Nanotechnology Project

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Environment, Health and Safety Research

CAREER: Integrated-Optic Nanoparticle Biosensor Arrays

Project Information

Principal InvestigatorSteven M. Blair
InstitutionUniversity of Utah
Project URLView
Relevance to ImplicationsMarginal
Class of NanomaterialGeneric
Impact SectorHuman Health
Broad Research Categories Hazard
NNI identifier

Funding Information

Anticipated Total Funding$437,400.00
Annual Funding$72,900.00
Funding SourceNSF
Funding MechanismExtramural
Funding SectorGovernment
Start Year2002
Anticipated End Year2008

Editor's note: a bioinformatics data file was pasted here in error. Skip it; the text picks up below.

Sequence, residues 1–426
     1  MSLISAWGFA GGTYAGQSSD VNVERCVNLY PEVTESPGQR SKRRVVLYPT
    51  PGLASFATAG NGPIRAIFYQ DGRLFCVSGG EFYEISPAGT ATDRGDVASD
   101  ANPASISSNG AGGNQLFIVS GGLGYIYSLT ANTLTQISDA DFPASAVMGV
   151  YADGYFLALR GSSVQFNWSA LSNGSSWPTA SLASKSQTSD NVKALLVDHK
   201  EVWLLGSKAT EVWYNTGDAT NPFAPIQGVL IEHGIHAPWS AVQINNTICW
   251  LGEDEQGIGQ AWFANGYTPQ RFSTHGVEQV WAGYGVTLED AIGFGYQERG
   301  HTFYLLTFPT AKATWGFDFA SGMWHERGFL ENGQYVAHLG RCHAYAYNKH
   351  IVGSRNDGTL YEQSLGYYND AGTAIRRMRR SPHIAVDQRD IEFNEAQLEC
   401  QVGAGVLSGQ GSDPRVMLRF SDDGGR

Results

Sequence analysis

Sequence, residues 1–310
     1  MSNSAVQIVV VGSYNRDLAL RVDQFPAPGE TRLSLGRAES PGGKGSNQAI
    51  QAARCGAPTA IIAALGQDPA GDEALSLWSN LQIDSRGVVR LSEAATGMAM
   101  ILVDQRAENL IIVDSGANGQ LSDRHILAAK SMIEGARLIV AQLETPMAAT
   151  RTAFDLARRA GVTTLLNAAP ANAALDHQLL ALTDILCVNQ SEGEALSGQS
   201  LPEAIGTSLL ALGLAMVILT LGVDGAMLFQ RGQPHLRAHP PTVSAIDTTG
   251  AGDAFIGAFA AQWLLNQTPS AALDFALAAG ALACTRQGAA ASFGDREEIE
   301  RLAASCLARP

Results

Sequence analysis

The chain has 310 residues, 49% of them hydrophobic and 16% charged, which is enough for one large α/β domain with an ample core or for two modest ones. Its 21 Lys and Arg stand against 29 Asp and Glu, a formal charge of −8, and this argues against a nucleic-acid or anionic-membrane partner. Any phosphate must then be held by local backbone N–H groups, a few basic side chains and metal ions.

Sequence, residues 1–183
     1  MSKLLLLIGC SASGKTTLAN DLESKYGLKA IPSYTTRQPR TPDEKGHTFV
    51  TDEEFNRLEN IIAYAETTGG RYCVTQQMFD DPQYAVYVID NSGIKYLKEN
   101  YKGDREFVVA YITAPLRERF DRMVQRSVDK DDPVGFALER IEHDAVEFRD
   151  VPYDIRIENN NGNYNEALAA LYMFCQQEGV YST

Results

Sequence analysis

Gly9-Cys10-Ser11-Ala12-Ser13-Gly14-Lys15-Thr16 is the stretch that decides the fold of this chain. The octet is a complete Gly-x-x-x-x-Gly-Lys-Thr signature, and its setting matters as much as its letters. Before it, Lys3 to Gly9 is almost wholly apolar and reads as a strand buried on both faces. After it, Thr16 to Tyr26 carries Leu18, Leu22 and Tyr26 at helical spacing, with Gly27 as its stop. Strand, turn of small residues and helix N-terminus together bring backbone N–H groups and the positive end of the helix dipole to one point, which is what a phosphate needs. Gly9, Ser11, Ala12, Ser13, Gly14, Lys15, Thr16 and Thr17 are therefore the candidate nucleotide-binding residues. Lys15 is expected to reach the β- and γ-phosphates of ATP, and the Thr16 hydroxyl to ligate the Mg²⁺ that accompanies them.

Research world-wide on biosensing is motivated by numerous applications in environmental and food testing and clinical diagnostics, for example. However, the important problem of detecting in parallel a large number of molecular species from the very small samples typical of most collection procedures remains an elusive goal. This CAREER research plan focuses on solving this problem by merging the science of nanophotonics with waveguide biosensors and microfluidics for the development of a new class of molecular detection array. The immobilization of metallic nanoparticles onto discrete zones of an optical waveguide surface makes the parallel detection of a large number of molecular species feasible. In each zone, capture molecules tethered to the nanoparticles preferentially bind to a particular molecular species through an affinity interaction. Strong localization of light about each nanoparticle allows for dramatic improvement in optical signal transduction, thereby facilitating the detection of small numbers of molecules bound within each zone. Microfluidics will be used to deliver small sample volumes to each sensing zone and passive mixing structures will be studied in order to increase the molecular binding probability within each zone. The education plan focuses on the creation of a summer optics workshop for secondary school physics and science teachers. As more demands are placed on teachers, and as technology continues to advance at a rapid pace, teachers need a way in which to further their knowledge of science and hands-on teaching methods. Detailed lesson plans and laboratory exercises will be developed for deployment in the classroom, with the goal of improving student understanding of and instruction in optics and the sciences, and encouraging students to pursue careers in engineering and science. Participation of teachers from Hispanic and Native American schools will be strongly encouraged.